Please allow me to add meat to the bone regarding the selection of how and why the fallen names will be added to the new memorial in Ayscoughfee Gardens – and well done Iris French for taking a stand on the issue.
My mother, Gladys Hare (nee Arnold), who at the time of the war was a teenager, lost her brother, Richard, in the Second World War.
He was serving with the field artillery in a beach battle in Burma when their gun pit took a direct hit.
Richard, along with others who perished in the conflict, have their names etched on a memorial plaque in St Paul’s Church in Fulney where they once lived.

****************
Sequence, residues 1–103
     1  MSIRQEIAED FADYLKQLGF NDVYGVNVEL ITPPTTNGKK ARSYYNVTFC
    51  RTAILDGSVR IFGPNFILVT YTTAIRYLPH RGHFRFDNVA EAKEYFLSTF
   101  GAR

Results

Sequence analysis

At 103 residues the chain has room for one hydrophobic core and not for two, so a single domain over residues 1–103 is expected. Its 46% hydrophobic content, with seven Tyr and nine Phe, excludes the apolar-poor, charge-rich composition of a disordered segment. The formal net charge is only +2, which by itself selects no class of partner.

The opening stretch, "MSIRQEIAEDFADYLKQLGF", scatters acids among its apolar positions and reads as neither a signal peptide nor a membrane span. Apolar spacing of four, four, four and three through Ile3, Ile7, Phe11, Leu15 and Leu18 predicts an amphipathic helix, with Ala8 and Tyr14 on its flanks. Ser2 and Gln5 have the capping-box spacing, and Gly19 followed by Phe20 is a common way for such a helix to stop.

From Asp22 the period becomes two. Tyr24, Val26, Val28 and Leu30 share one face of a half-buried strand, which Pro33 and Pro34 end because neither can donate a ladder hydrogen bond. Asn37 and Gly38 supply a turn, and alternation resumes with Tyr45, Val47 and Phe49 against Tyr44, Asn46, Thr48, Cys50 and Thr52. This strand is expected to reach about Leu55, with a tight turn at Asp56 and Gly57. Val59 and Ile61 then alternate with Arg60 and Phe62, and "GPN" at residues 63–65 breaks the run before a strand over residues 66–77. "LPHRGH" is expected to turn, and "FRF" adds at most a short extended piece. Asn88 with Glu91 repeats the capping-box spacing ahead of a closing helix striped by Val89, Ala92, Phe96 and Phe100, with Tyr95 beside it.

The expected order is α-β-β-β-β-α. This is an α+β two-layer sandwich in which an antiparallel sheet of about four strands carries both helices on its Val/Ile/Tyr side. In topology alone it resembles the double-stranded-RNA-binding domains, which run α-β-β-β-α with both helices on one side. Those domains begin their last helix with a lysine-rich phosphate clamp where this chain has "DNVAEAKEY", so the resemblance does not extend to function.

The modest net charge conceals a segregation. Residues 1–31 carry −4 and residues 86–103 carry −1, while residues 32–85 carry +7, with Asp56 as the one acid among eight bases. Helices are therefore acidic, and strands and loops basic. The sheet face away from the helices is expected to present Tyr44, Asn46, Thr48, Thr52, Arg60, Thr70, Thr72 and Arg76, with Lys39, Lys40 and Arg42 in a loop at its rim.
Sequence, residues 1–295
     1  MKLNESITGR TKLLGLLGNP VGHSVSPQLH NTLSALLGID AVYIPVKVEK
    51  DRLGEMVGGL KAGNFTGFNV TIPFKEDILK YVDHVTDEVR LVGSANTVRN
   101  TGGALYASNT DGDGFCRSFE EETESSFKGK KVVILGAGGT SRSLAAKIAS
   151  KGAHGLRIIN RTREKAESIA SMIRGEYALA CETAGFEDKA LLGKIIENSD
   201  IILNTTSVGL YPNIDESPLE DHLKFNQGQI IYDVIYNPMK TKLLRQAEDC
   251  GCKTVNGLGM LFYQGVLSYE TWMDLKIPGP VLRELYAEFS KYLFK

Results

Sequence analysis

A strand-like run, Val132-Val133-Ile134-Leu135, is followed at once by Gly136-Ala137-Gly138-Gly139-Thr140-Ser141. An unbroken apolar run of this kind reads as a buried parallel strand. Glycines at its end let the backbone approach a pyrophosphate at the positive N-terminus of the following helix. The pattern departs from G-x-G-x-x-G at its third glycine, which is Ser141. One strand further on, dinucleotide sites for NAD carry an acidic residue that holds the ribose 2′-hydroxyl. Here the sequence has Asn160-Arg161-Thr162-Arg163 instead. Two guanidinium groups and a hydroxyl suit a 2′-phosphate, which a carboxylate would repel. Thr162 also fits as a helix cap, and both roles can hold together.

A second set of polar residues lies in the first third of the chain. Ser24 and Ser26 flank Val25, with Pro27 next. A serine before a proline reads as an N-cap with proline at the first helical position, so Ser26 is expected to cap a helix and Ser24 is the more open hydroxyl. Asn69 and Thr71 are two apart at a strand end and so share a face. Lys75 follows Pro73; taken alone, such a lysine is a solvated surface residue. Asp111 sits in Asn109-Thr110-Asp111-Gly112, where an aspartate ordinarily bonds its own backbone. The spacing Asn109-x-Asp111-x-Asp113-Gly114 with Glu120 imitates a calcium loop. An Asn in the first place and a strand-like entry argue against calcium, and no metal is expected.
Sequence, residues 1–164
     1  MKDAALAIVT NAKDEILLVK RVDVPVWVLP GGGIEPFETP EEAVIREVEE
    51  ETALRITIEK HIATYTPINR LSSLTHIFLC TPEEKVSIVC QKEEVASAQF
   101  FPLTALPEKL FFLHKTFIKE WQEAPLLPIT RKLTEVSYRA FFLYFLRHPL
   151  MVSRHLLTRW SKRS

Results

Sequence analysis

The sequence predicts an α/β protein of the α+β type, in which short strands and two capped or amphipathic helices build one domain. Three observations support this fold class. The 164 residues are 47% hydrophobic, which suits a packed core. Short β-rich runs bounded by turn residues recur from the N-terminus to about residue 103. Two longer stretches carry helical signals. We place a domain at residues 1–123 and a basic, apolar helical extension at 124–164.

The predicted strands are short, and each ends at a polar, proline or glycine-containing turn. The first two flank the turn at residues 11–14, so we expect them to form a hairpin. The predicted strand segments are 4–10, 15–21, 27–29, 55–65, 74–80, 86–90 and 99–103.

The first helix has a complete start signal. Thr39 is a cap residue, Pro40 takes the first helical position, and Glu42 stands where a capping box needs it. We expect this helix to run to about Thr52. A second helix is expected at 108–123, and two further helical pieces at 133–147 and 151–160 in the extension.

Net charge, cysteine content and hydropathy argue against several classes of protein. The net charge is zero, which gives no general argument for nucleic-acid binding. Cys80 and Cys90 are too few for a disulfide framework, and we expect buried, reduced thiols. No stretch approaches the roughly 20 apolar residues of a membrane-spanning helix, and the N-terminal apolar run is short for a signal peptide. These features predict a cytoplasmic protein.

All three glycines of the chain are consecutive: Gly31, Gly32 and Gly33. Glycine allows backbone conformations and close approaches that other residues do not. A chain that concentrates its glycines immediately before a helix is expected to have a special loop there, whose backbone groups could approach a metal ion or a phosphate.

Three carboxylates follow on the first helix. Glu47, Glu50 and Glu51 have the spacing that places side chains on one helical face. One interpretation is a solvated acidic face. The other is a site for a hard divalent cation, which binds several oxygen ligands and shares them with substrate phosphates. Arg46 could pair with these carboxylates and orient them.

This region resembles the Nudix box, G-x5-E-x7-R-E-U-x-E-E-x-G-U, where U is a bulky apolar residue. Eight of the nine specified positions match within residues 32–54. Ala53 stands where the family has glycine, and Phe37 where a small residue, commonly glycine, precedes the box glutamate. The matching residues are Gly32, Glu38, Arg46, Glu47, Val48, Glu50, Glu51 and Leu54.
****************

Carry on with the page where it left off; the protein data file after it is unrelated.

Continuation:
Like all parishes, St Paul’s recognised the full commitment and sacrifice that service men and women gave in fighting a just cause, in a time when the church would have been reasonably accessible for the bereaved families to go to whenever the need arose.
Today, the sad thing is that the open door policy of the church has long since gone through vandalism and petty crime, meaning that surviving relatives may not be able to honour their departed loved ones.
As such, should we, as a country, not be doing more to ensure that all service personnel, who gave up their lives for the freedom of others, have their names emblazoned on a fitting memorial.
Ayscoughfee Gardens, which is accessible to all, would be a perfect place to commemorate some of South Holland’s war heroes.
I send this letter on behalf of my mother, who, now aged 88, would dearly love to see her brother’s name mentioned on the new memorial to the fallen of the Second World War.